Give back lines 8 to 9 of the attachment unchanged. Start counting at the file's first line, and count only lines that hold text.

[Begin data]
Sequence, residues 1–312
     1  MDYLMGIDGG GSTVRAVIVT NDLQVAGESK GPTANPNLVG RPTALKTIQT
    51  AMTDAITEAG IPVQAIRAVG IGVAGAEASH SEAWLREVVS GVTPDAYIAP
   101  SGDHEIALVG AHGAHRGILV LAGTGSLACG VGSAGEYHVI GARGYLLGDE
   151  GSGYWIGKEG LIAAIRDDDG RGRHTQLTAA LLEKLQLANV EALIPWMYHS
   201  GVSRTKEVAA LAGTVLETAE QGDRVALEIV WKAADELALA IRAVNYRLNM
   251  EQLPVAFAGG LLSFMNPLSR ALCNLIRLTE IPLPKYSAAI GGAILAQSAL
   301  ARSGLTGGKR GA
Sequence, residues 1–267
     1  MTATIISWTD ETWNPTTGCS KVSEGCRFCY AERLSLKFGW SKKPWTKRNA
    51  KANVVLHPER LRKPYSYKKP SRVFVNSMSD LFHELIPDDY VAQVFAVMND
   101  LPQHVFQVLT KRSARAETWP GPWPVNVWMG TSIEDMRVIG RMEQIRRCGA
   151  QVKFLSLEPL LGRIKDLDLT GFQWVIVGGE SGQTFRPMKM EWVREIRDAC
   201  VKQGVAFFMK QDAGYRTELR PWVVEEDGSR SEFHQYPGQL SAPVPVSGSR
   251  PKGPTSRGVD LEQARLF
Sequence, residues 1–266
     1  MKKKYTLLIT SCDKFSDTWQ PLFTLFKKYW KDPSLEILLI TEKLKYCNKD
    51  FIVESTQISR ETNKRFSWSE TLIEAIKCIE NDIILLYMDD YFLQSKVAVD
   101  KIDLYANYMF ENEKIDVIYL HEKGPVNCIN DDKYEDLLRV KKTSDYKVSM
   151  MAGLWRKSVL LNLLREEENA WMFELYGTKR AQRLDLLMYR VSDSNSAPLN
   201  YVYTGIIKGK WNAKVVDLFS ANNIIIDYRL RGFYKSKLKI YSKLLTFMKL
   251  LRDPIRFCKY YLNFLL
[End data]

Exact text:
   301  ARSGLTGGKR GA
Sequence, residues 1–267